As an interesting side note on this topic, even though this imagery of beasts is confusing at first glance, the book of Daniel is so specific in some of its prophecies, that non-religious theologians refuse to date the book according to when the book itself, and Jewish history, claims the book was written. The reason is because Daniel was apparently making prophecies about future events, and his descriptions are so accurate, that it’s obviously describing the way things actually turned out. Because of this, in order for a non-religious person to make sense of it, they have to say that this book must have been written after all the events have already happened. For example, the leopard had four heads. In apocalyptic literature, heads typically denote rulers. While Alexander was the ruler of the Greeks, when he died, his empire was split between his four generals, which is why the leopard had four heads. In fact, it’s so explicit in what it’s referring to, that apparently when Alexander the Great was still alive, he met with an Israelite high priest, went to the temple, and even offered a sacrifice to God. During this time, he was shown the book of Daniel, and saw this leopard beast as defeating the second power, which were the Persians, and he interpreted this passage to be referring to himself! Which ended up being true.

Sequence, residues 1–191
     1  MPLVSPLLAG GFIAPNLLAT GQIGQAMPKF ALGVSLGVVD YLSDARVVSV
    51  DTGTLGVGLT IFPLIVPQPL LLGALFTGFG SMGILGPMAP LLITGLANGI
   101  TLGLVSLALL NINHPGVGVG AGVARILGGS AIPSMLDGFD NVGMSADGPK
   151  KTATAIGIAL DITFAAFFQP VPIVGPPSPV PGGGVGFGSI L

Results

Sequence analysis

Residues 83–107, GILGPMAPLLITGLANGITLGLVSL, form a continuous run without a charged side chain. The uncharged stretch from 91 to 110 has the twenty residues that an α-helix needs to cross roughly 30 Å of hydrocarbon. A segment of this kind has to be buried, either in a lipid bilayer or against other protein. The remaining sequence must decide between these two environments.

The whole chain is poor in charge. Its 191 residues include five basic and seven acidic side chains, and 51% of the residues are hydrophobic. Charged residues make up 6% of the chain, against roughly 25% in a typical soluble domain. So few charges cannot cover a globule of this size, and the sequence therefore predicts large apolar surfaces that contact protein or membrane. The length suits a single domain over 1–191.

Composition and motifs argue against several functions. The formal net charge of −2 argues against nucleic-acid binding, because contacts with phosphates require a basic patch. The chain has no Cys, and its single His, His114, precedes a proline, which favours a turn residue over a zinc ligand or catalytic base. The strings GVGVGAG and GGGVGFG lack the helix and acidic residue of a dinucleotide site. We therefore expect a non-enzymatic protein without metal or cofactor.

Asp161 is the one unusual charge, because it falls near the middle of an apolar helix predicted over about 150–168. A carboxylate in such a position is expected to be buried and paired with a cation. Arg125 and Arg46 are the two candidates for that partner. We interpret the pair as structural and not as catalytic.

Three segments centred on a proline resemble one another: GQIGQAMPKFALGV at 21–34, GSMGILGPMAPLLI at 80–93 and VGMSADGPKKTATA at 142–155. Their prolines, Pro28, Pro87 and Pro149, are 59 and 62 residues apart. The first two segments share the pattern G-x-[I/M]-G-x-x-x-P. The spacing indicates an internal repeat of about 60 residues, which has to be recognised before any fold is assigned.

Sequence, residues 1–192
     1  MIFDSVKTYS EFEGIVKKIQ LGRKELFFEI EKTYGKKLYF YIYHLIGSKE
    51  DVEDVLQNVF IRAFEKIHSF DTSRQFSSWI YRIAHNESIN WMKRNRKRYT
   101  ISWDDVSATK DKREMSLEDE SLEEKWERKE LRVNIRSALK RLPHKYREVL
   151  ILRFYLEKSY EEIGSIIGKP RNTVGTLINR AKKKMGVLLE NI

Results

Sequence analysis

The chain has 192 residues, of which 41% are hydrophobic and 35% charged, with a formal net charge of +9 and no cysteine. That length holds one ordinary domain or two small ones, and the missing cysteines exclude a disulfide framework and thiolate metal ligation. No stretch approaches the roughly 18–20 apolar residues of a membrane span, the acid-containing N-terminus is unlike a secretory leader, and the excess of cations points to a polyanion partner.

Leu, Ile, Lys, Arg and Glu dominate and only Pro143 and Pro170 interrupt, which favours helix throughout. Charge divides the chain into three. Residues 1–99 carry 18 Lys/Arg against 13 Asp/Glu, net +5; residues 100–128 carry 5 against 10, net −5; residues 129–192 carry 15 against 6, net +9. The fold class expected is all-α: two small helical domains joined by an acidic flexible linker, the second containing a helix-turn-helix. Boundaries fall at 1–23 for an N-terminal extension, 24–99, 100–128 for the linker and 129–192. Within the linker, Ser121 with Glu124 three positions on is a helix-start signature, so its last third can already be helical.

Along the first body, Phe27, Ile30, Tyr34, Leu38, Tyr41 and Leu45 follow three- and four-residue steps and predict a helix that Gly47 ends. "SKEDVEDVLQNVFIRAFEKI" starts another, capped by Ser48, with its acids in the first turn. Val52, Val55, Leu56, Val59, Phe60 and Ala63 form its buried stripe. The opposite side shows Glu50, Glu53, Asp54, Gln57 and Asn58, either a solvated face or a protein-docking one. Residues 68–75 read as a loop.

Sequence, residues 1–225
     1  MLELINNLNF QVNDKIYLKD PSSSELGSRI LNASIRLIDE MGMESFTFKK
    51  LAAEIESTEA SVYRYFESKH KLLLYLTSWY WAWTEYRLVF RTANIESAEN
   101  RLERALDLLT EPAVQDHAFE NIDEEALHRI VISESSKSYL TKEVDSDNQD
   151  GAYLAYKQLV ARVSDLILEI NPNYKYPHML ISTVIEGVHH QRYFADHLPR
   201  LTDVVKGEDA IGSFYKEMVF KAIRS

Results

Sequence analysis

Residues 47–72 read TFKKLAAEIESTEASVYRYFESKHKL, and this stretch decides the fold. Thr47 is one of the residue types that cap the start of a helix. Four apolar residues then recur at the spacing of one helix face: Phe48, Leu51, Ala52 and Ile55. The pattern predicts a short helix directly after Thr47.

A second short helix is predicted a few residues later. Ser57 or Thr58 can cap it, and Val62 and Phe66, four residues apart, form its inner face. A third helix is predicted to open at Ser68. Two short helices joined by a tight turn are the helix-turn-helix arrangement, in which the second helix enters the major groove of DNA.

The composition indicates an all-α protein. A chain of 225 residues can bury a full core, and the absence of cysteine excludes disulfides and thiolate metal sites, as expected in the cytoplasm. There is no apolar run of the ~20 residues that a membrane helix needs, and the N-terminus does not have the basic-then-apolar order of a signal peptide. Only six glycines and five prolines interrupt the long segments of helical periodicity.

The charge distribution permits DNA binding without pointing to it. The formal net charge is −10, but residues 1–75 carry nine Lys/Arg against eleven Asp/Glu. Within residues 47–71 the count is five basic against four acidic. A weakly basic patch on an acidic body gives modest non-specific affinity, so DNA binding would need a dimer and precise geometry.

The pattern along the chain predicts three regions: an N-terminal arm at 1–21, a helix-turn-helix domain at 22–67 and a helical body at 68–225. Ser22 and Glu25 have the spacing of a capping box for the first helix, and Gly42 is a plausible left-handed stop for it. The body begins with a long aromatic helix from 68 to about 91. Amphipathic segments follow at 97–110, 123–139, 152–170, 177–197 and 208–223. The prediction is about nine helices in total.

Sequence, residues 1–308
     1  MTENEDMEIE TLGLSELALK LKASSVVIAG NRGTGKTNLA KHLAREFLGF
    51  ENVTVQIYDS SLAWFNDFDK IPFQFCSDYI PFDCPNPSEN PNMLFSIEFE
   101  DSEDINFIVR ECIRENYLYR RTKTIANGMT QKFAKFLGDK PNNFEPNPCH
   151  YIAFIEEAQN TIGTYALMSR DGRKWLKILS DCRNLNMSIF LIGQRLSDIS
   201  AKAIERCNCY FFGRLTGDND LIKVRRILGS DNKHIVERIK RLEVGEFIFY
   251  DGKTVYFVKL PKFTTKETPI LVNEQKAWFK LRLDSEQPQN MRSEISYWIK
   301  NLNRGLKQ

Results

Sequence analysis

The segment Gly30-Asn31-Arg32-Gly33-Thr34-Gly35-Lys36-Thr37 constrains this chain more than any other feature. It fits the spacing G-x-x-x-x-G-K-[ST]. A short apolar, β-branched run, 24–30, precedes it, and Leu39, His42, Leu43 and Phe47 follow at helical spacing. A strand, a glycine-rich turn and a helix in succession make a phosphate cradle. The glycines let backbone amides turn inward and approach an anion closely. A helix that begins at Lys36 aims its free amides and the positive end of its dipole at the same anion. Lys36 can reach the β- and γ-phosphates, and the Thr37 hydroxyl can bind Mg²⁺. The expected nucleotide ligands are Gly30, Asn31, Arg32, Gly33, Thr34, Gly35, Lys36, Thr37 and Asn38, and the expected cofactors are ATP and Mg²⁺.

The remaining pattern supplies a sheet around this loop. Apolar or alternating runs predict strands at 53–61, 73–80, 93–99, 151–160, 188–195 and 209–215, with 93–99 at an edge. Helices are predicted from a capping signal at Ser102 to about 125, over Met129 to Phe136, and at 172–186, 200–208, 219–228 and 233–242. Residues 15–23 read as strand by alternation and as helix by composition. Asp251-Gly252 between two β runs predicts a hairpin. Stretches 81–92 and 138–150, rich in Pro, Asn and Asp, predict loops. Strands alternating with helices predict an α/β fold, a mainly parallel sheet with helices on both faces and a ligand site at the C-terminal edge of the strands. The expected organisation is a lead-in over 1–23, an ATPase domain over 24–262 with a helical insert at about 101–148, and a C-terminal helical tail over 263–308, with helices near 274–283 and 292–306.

It’s quite difficult for me to give you advice on how to move forward in interpretation of difficult passages of prophecy and apocalyptic genres, but there is one piece of advice I have. Basically every time you see these difficult portions, the interpretation of each person seems largely based on their presuppositions. All of us bring our biases and previous opinions to the table, no matter how hard we try not to. If someone takes a very liberal stance in ethics and theology, you can be basically guaranteed they’re going to arrive at a liberal interpretation on a piece of apocalyptic literature. And if someone is inclined towards conspiracy theories, you can bet that their interpretation of the same passage will look entirely different. My recommendation would be to try and learn as much as you can about the history and culture behind the text, then learn as much as you can about the various forms of symbolism used in that culture, and lastly, look at a few commentators that have different perspectives on the issue. When you’ve done all that, genuinely try and find which answer accounts for all the data, rather than just which answer fits your preferences. Next time, we’ll be taking a look at one last genre, the Law, and then we’ll be going through a few helpful ways to check the literary context by evaluating the surrounding areas of Scripture. So I hope you’ll join me next time, on the Ultimate Questions Podcast, from Power to Change – Students.